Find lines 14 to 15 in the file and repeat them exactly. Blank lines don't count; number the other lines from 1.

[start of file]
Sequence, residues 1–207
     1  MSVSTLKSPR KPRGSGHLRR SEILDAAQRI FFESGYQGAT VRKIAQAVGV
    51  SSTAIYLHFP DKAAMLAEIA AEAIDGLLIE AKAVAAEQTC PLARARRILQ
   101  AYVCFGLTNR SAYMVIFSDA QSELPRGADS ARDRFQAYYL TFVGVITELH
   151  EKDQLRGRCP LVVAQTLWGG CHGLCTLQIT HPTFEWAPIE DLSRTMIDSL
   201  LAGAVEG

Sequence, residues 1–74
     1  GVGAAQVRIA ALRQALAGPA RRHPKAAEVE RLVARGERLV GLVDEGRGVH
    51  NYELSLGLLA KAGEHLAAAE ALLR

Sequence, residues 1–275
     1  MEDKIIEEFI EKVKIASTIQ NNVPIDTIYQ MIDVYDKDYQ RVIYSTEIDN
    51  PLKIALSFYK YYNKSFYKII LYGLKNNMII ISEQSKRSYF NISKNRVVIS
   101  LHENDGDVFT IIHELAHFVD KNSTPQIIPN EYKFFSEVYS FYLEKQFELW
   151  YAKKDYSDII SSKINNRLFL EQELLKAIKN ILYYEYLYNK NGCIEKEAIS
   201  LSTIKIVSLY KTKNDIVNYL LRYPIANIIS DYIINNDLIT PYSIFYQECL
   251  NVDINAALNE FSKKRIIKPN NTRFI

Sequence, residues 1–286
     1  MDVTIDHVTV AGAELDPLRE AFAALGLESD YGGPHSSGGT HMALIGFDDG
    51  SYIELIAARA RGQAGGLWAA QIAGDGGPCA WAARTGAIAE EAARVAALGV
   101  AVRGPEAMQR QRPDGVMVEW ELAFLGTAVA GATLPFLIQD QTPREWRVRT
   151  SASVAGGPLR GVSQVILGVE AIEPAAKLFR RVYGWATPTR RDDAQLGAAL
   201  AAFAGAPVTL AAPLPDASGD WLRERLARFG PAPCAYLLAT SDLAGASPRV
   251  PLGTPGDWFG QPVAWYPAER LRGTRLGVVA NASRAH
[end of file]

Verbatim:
   151  YAKKDYSDII SSKINNRLFL EQELLKAIKN ILYYEYLYNK NGCIEKEAIS
   201  LSTIKIVSLY KTKNDIVNYL LRYPIANIIS DYIINNDLIT PYSIFYQECL